Before the week ended, services and goods returned to Oria. Choppers landed, supplying loads of store goods. People from surrounding villages arrived to seek solace and protection.
The people of Oria welcomed everyone with a smile. The Oria Care [refugee] Centre was born. Cocoa trees were chopped down and the airstrip got cleaned up. Later, Air-Link planes started landing.
After three years of blockade and being fugitives in the jungle, I felt that I would taste chips and chicken again, and drink an icy cold Coke.
But the first insight I got was that, when people came to the care centre, all they wanted was peace, nothing more.
I was able to leave Bougainville while the war still raged, but for many years after I was a wretched woman with a huge hole in my heart. I was very much affected by the war.
I couldn’t understand why brothers were killing brothers. I couldn’t accept the fact that my father, who had donated his shotgun and a .22 calibre rifle to the Bougainville freedom fighters, had been killed by his own.
These years were heartbreaking as I tried to cope in Papua New Guinea. There was so much anger, and an overwhelming sadness I didn’t know how to handle.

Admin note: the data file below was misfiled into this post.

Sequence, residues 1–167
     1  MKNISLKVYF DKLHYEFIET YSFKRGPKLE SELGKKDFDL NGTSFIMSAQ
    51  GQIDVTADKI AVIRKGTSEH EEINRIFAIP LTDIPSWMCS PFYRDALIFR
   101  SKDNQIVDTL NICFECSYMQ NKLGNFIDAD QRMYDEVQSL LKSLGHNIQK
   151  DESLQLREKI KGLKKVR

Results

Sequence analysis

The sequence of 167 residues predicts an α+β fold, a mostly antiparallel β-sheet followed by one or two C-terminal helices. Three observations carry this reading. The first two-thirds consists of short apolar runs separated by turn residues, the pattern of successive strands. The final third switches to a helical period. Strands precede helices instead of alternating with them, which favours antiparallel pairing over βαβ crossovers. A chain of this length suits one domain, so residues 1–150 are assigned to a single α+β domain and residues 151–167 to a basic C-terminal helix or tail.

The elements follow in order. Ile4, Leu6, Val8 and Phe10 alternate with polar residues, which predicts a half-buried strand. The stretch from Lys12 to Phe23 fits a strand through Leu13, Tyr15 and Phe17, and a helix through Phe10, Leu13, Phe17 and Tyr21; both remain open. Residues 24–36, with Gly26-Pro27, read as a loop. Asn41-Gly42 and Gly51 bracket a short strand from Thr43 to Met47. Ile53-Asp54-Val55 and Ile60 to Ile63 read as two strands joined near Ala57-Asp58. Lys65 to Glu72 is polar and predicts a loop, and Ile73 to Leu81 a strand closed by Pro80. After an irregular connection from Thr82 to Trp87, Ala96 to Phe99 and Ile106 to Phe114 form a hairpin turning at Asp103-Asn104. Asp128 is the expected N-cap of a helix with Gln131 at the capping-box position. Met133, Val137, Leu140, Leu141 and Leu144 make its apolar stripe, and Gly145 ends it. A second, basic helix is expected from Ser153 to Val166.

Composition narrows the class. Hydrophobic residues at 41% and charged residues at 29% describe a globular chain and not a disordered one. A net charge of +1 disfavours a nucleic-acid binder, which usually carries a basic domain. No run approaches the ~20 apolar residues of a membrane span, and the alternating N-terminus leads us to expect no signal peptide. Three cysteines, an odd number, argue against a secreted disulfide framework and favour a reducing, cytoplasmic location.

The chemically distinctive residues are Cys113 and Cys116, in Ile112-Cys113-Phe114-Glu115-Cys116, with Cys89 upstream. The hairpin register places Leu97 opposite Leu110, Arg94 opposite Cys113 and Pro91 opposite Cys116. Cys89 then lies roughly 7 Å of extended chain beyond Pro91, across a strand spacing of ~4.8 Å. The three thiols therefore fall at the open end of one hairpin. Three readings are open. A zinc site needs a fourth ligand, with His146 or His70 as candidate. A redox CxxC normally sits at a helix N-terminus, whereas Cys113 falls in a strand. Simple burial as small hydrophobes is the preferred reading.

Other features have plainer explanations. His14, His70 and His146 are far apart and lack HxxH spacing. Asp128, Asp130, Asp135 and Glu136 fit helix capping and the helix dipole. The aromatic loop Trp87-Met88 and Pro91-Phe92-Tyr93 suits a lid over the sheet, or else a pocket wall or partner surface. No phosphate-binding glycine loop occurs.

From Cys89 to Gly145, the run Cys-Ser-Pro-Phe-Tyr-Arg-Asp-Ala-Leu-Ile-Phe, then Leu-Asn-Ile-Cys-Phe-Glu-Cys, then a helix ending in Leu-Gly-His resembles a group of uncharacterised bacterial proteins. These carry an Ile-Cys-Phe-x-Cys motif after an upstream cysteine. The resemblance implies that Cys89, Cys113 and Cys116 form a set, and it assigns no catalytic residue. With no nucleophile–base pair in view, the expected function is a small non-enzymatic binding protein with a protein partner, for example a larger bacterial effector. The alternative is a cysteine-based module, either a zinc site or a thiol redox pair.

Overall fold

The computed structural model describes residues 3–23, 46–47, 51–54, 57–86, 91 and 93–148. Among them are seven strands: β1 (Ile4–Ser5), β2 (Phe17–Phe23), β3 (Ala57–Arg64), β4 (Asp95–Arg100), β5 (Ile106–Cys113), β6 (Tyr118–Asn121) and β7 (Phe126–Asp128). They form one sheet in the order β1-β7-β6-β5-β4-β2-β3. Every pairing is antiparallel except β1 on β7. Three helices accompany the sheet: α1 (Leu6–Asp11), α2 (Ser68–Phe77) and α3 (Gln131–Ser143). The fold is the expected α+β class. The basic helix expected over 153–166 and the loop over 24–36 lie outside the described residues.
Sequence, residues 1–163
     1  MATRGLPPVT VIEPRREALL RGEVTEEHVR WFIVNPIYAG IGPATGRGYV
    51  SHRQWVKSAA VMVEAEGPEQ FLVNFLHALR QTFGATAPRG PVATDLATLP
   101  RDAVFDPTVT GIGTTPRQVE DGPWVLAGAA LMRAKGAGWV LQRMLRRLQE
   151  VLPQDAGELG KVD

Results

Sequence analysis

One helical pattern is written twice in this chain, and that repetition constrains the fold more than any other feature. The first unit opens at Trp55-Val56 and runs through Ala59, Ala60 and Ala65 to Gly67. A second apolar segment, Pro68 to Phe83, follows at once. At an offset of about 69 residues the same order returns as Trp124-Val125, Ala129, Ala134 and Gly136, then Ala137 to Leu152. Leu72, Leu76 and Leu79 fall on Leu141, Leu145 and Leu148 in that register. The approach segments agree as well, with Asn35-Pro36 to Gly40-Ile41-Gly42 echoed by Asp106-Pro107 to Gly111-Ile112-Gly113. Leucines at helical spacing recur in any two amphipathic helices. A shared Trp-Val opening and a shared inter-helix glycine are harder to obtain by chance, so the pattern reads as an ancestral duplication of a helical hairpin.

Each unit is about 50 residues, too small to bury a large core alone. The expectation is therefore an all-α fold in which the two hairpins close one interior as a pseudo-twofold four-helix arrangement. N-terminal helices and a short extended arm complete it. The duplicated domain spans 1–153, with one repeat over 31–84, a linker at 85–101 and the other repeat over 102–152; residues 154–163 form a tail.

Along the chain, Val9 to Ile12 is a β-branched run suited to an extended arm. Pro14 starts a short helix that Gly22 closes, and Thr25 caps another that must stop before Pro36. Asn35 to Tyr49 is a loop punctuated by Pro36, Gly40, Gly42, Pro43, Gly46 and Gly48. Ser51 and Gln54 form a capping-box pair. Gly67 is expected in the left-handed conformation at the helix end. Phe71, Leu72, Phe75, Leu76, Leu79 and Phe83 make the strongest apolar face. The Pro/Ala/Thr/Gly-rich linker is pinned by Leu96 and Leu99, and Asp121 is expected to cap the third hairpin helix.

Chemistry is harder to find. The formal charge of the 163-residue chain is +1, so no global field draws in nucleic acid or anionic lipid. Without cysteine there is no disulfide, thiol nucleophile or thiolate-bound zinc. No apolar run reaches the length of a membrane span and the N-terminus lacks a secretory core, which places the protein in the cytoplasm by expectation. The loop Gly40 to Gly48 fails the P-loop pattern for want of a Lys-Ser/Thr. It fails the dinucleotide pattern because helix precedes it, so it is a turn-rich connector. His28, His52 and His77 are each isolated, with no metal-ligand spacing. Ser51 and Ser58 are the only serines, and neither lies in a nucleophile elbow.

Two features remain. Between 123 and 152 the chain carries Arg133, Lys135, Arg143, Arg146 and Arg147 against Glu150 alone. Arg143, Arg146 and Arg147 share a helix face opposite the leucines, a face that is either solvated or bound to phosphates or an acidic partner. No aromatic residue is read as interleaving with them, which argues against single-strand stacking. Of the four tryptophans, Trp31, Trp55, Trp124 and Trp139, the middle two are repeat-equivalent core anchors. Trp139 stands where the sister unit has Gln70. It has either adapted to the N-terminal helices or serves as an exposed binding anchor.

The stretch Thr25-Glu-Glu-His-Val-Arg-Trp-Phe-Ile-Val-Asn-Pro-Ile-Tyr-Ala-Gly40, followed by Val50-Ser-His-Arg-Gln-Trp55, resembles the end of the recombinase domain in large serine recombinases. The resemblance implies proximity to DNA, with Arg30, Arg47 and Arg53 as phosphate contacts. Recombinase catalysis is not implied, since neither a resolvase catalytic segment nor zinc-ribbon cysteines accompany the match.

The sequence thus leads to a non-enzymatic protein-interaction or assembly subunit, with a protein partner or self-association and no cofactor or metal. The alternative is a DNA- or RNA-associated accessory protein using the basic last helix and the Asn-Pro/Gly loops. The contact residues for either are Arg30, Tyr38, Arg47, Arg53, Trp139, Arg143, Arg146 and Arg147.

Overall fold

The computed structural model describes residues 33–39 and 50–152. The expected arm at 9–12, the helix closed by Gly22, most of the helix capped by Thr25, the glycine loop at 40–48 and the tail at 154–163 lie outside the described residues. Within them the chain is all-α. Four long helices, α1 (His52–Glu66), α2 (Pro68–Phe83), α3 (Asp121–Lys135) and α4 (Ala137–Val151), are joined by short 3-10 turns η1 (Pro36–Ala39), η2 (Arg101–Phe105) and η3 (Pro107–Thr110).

I found a new solace through writing and have written for the last 20 years. Writing. A complete release that has made me accept and forgive those responsible.
My father was a believer in his land. A paramount chief he had a heart for his people of Pauluaku, Bogisago, Rukauko, Paghui and the whole Wisai area. He was a full supporter of Bougainville island’s sovereignty.
War confuses people and makes the worst come out in them. This is something I have come to realise and have accepted.
My father, Nehemiah Gray Potoura, his cousins, Sila and Tunu, plus uncle Joel Naisy, were the first to go in Oria. I never knew that many more would follow, but so many followed. All my people lost to their land.
The blood of more than 20,000 Bougainvilleans has splattered these islands by both armies during the crisis. The land coloured like their skin. I appeal to all Bougainvilleans to vote right on what belongs to us all.
I want to thank Bravo Platoon for setting foot in Oria, answering the prayers of many Christians who cried for the bloodshed to end. Your arrival cleared way for students to travel across the Solomon Sea to PNG to get educated. I did that and attended university.